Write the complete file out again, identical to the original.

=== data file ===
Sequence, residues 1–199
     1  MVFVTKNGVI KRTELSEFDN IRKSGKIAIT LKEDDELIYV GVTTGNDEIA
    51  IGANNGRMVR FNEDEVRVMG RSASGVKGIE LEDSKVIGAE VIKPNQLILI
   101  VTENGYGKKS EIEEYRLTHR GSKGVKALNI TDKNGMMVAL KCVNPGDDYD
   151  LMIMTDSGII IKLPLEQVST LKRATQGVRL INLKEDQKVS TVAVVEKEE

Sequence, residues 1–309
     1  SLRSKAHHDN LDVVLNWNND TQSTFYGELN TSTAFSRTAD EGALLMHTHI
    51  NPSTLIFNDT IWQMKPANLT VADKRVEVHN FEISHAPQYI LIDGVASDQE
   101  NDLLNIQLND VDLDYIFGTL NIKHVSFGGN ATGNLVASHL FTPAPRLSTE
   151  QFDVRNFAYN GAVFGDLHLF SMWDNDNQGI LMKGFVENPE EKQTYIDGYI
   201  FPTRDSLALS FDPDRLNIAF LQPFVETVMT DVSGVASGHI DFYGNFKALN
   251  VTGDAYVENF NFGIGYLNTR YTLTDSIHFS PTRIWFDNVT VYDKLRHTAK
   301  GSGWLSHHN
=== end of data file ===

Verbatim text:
Sequence, residues 1–199
     1  MVFVTKNGVI KRTELSEFDN IRKSGKIAIT LKEDDELIYV GVTTGNDEIA
    51  IGANNGRMVR FNEDEVRVMG RSASGVKGIE LEDSKVIGAE VIKPNQLILI
   101  VTENGYGKKS EIEEYRLTHR GSKGVKALNI TDKNGMMVAL KCVNPGDDYD
   151  LMIMTDSGII IKLPLEQVST LKRATQGVRL INLKEDQKVS TVAVVEKEE

Sequence, residues 1–309
     1  SLRSKAHHDN LDVVLNWNND TQSTFYGELN TSTAFSRTAD EGALLMHTHI
    51  NPSTLIFNDT IWQMKPANLT VADKRVEVHN FEISHAPQYI LIDGVASDQE
   101  NDLLNIQLND VDLDYIFGTL NIKHVSFGGN ATGNLVASHL FTPAPRLSTE
   151  QFDVRNFAYN GAVFGDLHLF SMWDNDNQGI LMKGFVENPE EKQTYIDGYI
   201  FPTRDSLALS FDPDRLNIAF LQPFVETVMT DVSGVASGHI DFYGNFKALN
   251  VTGDAYVENF NFGIGYLNTR YTLTDSIHFS PTRIWFDNVT VYDKLRHTAK
   301  GSGWLSHHN